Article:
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Film Review: ‘Natasha’

Variety logo Variety 5/7/2017 Jessica Kiang
© Provided by Variety

Were it not for several compelling distinguishing features, you could suggest that “Natasha,” the sophomore film from award-winning author David Bezmogis, is a familiar tale: A young man experiences a painful coming of age when a more worldly female enters his life. But a pair of rich central performances, an authentic eye for its second-generation immigrant milieu and a novelist’s comfort with ambiguity allow “Natasha” to modestly transcend its overpopulated genre.

The more sensationalist aspects of the story — the boy is 16, the girl just 14, and though not blood relatives, they are cousins — are dialed down to a dull roar of unease that rumbles beneath the placid, flat-lit suburban surface. And both the source of this unease, the eponymous Natasha, embodied with sulky, animal intensity by newcomer Sasha K. Gordon, and its sounding board, Mark, played by Alex Ozerov, are performed with such commitment that even at its moments of maximum elusiveness, Bezmogis’ film has an edge of realness sharp enough to cut.

Mark is the teenage son of well-assimilated yet culturally distinctive Russian Jewish emigre parents, who live a comfortably middle-class, tastefully nouveau lifestyle in a manicured residential area on the outskirts of Toronto. There are subtle but clever cues to their social status in Mark’s expensive-looking bike, the family’s fondness for al fresco dining and his elegant, youthful mother Bella’s (Deanna Dezmari) attention to her neat garden. As the film begins Mark’s uncle is about to be married to Zina (Aya-Tatyana Stolnits), a Russian woman he met online. Zina has a teenage daughter, Natasha, who speaks no English (a lot of the film’s dialogue is in subtitled Russian).

Only 14 years old (and it oddly works well here that the actress seems noticeably older than that), Natasha has a watchful, quiet air which is soon revealed to be a facade: She teases Mark with just how sexually experienced she is, and hints at a sordid past in Russia in which she likes to portray herself as nonchalantly complicit. Mark, whose rebellion against what is proper thus far has been confined to an offhand job as a weed delivery boy for his friend Rufus (Aiden Shipley), is ordered to look after Natasha, who loathes her mother Zina and threatens to disrupt the new marriage. The relationship between Mark and Natasha turns surreptitiously sexual, related in a fairly graphic, though never prurient manner by Guy Godfree’s unfussy camerawork. But Mark’s first experience of getting it on the regular also promises his first taste of the adult complications of jealousy, betrayal and manipulation.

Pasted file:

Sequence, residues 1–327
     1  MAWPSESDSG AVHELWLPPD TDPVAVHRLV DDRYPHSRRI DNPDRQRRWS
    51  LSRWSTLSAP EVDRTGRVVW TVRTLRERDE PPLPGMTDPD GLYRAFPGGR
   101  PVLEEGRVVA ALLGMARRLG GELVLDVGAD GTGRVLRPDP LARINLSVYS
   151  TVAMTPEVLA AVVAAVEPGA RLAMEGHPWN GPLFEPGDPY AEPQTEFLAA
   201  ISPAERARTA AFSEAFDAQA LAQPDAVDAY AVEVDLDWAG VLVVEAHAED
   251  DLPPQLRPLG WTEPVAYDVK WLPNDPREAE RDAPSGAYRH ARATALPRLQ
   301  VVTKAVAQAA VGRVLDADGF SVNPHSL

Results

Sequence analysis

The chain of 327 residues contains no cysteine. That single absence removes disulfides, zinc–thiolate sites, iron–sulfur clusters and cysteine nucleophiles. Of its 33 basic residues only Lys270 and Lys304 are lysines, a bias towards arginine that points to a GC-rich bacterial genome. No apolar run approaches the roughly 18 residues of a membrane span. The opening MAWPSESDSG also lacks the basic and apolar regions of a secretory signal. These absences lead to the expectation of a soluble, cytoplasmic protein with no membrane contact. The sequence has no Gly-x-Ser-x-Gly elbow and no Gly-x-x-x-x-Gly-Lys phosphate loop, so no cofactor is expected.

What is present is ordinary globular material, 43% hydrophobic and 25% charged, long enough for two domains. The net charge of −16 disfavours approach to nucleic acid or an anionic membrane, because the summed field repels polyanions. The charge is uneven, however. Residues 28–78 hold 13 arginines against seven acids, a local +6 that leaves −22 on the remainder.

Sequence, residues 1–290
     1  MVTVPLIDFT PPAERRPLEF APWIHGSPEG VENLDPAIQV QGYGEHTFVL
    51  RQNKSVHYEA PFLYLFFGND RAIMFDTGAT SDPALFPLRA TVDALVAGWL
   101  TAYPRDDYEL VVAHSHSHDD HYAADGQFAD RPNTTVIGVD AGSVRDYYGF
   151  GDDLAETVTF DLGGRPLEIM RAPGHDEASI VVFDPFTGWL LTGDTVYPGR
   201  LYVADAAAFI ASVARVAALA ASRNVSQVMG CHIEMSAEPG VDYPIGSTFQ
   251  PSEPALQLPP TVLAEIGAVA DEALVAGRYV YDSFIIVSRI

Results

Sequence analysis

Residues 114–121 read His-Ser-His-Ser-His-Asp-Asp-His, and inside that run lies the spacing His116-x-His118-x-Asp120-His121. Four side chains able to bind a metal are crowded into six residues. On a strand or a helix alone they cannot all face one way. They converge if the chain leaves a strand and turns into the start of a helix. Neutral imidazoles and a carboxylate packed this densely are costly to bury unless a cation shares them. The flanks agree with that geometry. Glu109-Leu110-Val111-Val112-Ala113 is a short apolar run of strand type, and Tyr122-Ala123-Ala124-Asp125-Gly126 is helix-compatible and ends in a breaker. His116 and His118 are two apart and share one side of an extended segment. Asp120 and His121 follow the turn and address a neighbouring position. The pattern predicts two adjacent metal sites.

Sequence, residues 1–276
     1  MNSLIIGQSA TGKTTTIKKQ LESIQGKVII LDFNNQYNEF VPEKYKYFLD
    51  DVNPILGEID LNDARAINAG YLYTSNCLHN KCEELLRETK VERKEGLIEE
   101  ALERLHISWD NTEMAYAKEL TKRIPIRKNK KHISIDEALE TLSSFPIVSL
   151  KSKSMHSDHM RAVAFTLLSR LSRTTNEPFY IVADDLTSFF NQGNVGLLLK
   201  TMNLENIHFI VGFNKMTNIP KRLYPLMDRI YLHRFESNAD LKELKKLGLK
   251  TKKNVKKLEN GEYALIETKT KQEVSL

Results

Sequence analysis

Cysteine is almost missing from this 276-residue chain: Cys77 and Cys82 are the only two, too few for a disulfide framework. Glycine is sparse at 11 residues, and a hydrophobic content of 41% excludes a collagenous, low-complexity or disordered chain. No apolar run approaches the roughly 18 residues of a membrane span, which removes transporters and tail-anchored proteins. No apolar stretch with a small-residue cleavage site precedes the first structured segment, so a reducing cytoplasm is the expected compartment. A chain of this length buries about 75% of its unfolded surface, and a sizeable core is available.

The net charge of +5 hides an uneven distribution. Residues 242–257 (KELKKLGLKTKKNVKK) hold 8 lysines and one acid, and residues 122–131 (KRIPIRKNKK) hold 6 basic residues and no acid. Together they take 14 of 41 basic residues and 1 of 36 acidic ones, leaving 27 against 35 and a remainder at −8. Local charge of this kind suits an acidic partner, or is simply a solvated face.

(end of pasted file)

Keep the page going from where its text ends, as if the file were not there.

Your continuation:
Aside from some nice impressionist slo-mo, accompanied by lush electro indie pop songs that evoke the heedlessness and dissipation of privileged youth, Bezmogis keeps the film’s visuals on firmly realist, borderline prosaic lockdown. Part of the point here is a kind of bland, shop-fresh newness: When Natasha observes that only in the Russian countryside would you see such big, detached houses, Mark replies, “Three years ago, this was the country.” The very cleanness of the environs and the shallowness of the family’s roots — shallow as those of Bella’s freshly planted shrubs — lends a pervasive air of uncertainty and temporariness, that is reflective of Mark’s perilous life stage.

We should expect Bezmogis to navigate this material with precision: It is based on his own short story, published in 2004. Even so, some interesting avenues are left unexplored: Mark’s sister, who provides an interesting contrast to Natasha, is underused, and the ending lands on an ambivalent note that may work better on paper than on screen. But he believes in his story, and that shows, especially in the leeway he gives two excellent new performers to root around in their characters and make them real. In particular, Gordon arrives with an enigmatic, method-y performance that re-orients the film around Natasha, as a disquieting, itchy presence, devoid of innocence and lit with a spark of self-preservative malice. You can practically sense some inchoate, self-absorbed tragedy in her future, this manipulative 14-year-old would-be Bonnie searching the new-build suburbs of Toronto for her Clyde.

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